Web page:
According to the preliminary results of the study, carried out by Neuroscientists from Western University’s Brain and Mind Institute, which were published in the high-impact journal SLEEP, have shown that people who sleep on average between seven to eight hours per night performed better cognitively than those who slept less, or more.
The study was launched in June 2017, and within days more than 40,000 people from around the world participated in the online scientific investigation, which included an in-depth questionnaire and a series of cognitive performance activities.
Half of all participants in the study reported that they have slept less than 6.3 hours per night, which is an hour less than the study’s recommended amount. One of the amazing revelations was that most participants who slept four hours or less performed as if they were almost nine years older. And another startling finding of the study was that sleep affected all adults equally.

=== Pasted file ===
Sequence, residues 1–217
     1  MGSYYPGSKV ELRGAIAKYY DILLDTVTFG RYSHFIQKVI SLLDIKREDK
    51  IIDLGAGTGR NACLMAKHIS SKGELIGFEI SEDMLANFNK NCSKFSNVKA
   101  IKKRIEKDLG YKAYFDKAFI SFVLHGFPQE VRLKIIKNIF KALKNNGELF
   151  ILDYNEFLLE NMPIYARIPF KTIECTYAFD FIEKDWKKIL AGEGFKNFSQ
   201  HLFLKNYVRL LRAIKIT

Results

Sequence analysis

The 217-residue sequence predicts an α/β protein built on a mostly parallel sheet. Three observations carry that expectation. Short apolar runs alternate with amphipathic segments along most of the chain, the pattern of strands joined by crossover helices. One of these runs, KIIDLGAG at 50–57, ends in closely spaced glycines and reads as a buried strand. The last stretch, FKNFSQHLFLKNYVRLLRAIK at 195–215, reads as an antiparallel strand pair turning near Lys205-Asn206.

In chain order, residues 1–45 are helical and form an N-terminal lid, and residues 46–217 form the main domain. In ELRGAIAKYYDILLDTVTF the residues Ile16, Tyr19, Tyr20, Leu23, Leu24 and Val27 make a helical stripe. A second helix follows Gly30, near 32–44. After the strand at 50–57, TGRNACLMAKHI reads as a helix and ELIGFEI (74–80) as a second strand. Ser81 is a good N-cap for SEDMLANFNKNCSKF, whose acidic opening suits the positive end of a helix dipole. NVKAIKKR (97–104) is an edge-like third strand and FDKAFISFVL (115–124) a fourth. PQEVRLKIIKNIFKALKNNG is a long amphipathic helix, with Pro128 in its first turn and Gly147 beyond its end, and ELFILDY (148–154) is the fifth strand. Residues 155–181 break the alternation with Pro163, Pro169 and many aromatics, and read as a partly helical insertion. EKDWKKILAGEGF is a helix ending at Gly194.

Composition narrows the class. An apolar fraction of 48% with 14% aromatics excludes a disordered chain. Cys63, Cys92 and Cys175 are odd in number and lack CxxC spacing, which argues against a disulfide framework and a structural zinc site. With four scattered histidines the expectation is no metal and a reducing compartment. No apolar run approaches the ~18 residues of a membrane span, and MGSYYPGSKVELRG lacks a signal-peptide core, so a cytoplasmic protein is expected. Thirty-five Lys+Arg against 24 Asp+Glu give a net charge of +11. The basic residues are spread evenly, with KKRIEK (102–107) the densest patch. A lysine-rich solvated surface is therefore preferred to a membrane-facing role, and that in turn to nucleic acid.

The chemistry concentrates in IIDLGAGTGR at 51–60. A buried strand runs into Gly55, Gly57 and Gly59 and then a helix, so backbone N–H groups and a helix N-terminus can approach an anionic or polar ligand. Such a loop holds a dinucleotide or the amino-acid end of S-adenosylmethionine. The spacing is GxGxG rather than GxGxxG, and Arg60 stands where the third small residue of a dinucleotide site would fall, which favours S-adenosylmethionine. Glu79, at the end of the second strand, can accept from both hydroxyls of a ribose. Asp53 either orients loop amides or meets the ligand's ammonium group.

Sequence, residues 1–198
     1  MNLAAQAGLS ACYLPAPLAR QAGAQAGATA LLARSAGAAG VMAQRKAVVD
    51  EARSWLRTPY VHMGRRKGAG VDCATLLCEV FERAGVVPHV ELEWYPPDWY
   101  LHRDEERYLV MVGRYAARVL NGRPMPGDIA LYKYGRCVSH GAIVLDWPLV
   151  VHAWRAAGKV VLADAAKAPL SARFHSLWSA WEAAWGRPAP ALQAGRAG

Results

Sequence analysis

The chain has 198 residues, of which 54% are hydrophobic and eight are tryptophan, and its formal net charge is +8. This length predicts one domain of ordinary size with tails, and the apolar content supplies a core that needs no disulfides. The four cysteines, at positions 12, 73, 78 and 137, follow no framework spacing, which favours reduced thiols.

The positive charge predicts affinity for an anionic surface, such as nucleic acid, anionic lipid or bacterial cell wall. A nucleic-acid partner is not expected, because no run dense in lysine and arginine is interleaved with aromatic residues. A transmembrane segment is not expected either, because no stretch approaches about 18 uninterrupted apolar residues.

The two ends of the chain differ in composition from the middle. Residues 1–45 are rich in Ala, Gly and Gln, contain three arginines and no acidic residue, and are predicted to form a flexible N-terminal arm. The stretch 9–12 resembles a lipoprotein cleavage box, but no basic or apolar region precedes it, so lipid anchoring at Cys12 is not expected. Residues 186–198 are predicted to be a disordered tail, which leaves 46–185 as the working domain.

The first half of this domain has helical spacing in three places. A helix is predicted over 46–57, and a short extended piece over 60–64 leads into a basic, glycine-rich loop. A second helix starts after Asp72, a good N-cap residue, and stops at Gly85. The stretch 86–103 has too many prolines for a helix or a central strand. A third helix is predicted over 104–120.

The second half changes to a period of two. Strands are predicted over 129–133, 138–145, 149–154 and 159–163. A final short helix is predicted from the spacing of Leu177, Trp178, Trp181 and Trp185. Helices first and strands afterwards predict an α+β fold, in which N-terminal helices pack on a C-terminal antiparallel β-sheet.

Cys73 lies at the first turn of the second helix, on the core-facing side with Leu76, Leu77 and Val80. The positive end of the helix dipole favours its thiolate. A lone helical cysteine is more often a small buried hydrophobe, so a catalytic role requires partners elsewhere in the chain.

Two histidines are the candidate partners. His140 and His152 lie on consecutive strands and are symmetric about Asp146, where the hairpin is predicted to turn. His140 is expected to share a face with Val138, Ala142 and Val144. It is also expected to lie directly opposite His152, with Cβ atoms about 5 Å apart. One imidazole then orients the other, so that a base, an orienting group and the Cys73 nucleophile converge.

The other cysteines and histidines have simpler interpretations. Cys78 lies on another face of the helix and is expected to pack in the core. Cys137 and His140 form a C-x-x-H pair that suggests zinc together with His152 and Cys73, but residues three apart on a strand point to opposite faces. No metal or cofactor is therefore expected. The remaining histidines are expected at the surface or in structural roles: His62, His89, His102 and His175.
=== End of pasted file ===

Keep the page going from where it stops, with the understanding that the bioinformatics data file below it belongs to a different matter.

The amount of sleep associated with highly functional cognitive behaviour was the same for everyone, regardless of age. The study found that participants’ reasoning and verbal abilities were two of the actions most strongly affected by sleep while short-term memory performance was relatively unaffected.
The study showed that even a single night’s sleep can affect a person’s ability to think. Participants who slept more than usual the night before participating in the study performed better than those who slept their usual amount or less.